Dr. Periklis Gogas is an invited contributor to The Business Thinker magazine. He is Assistant Professor at Democritus University of Thrace, Greece, teaching Macroeconomics, Banking and Finance
The adoption of the euro as the common currency for the participating EU countries was hailed by politicians, academics and business people as a very important step-forward towards the ideal of European economic integration through the implementation of Robert A. Mundell’s Optimum Currency Area theory. The new currency was a greater success than many economists expected. Outside the EU it has become the second -after the dollar- reserve currency for many central banks and close to thirty nations worldwide chose to peg their currencies to the euro. The new currency helped to eliminate exchange rate risk and minimize transaction costs within the Eurozone, boosting intra-EU trade and efficient capital allocation.
Richard Parker: is the author of the How To Buy A Good Business At A Great Price© series which is sold in over 80 countries. He is the founder of Diomo Corporation and has personally purchased eleven businesses. Learn more about Richard and his materials at diomo.com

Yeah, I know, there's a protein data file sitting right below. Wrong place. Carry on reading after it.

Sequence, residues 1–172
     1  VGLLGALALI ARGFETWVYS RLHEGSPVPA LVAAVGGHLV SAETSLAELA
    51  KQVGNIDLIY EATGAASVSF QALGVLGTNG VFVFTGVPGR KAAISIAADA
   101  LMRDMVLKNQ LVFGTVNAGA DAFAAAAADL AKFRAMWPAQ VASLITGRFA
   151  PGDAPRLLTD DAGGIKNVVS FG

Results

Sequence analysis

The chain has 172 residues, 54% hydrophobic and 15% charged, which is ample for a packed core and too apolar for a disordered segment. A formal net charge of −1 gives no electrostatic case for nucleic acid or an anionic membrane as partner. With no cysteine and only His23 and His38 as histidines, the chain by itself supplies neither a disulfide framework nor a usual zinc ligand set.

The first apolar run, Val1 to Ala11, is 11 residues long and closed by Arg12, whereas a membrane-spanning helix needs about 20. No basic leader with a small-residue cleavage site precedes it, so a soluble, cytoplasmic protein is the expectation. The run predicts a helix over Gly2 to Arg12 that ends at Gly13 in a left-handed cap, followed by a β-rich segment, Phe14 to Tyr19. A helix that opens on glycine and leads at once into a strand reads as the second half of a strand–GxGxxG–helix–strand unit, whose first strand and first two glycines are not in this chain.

With so many options available to you, the question will become which path of the business ownership arena should you pursue? Between franchises, existing businesses, and start-ups, it can become a bit overwhelming. However, there is one choice that makes the most sense if you want to have your own business.
Your chances of success are clearly best when you buy an existing, profitable business for many reasons which we’ll discuss in a moment.
While the idea of a franchise appeals to many people, don’t buy a new location; buy a resale that’s already successful. This way, you marry the best of franchises and existing businesses.
With a start-up you have two challenges: developing the product or service and then seeing what, if anything, people are willing to pay you for it. It’s a lot of guessing. On paper the plans usually sound great but the results tell a different story. 96% of all start-ups fail in the first five years.